Restore Physical Well-Being Nutrition
It's important for you to take very good care of yourself before, during, and after breast cancer treatment. Taking care of yourself includes eating well and staying as active as you can.
Sometimes, especially during or soon after treatment, you may not feel like eating. You may be uncomfortable or tired. You may find that foods don't taste as good as they used to. In spite of this, following a healthy diet is important for everyone, breast cancer survivor or not. But it is especially vital for breast cancer survivors both during and after treatment. A healthy diet should include plenty of protein because it is an excellent source of energy, boosts the immune system and promotes muscle growth and recovery.
A plant-based diet that is loaded with protein -- plenty of colorful vegetables and whole grains -- is a very healthy option for breast cancer survivors. The Cancer Project, an organization that encourages cancer prevention and survival through nutrition education and research, has research-based evidence that shows that a plant-based diet composed of legumes, whole grains, fruits and vegetables can help prevent cancer and cancer recurrence.
Jennifer Reilly, R.D., senior nutritionist with The Cancer Project, says that, “Women coping with breast cancer deserve to know that plant-based diets and regular exercise can spell the difference between life and death. In the battle against breast cancer, fruits, vegetables and other low-fat vegetarian foods may be our most powerful weapons. Doctors must let women know that diet changes and exercise can help them beat this terrible disease.”
The Cancer Project’s goal is to improve a woman’s chances of survival after she has been diagnosed by providing comprehensive information about the role of dietary factors in keeping survivors healthy. To achieve this goal, The Cancer Project has developed what it calls the “New Four Food Groups,” which are:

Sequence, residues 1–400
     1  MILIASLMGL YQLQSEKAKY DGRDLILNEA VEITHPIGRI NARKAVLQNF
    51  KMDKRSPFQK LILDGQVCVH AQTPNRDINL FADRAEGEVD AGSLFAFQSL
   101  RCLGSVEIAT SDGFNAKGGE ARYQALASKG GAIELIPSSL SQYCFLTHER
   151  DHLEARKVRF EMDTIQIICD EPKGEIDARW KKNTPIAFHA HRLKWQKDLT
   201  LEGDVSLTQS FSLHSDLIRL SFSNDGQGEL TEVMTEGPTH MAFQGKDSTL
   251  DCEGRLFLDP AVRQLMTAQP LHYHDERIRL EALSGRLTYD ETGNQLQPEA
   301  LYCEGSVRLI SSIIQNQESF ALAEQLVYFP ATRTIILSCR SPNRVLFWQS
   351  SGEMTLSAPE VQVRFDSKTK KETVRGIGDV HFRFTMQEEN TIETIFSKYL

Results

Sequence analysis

- Vegetables: 3 or more servings a day
Vegetables are packed with nutrients; they provide vitamin C, beta-carotene, riboflavin, iron, calcium, fiber and other nutrients. Dark-green leafy vegetables such as broccoli, collard greens, kale, mustard greens, turnip greens, chicory or bok choy are especially good sources of these important nutrients. Dark yellow and orange vegetables such as carrots, winter squash, sweet potatoes and pumpkin provide extra beta-carotene. Include generous portions of a variety of vegetables in your diet.
- Whole Grains: 5 or more servings a day
This group includes bread, rice, pasta, hot or cold cereal, corn, millet, barley, bulgur, buckwheat groats, and tortillas. Build each of your meals around a hearty grain dish. Grains are rich in fiber and other complex carbohydrates, as well as protein, B vitamins and zinc.
- Fruit: 3 or more servings a day
Fruits are rich in fiber, vitamin C and beta-carotene. Be sure to include at least 1 serving each day of fruits that are high in vitamin C -- citrus fruits, melons and strawberries all are good choices. Choose whole fruit over fruit juices, which do not contain much fiber.
To help you better understand how these four food groups aid in your quest for cancer prevention and survival, The Cancer Project has developed the Healthy Eating for Life - Food Choices for Cancer Prevention and Survivalguidebook. In addition, its Nutrition Rainbow is a great quick-reference tool for you to create a diet full of cancer-fighting nutrients and immune-boosting power.
- Legumes: 2 or more servings a day
Legumes -- another name for beans, peas and lentils -- are all good sources of fiber, protein, iron, calcium, zinc and B vitamins. This group also includes chickpeas, baked and refried beans, soymilk, tempeh, and texturized vegetable protein.
To help develop your cancer prevention and survival diet, search the Find Healthy Recipes and Meal Planner.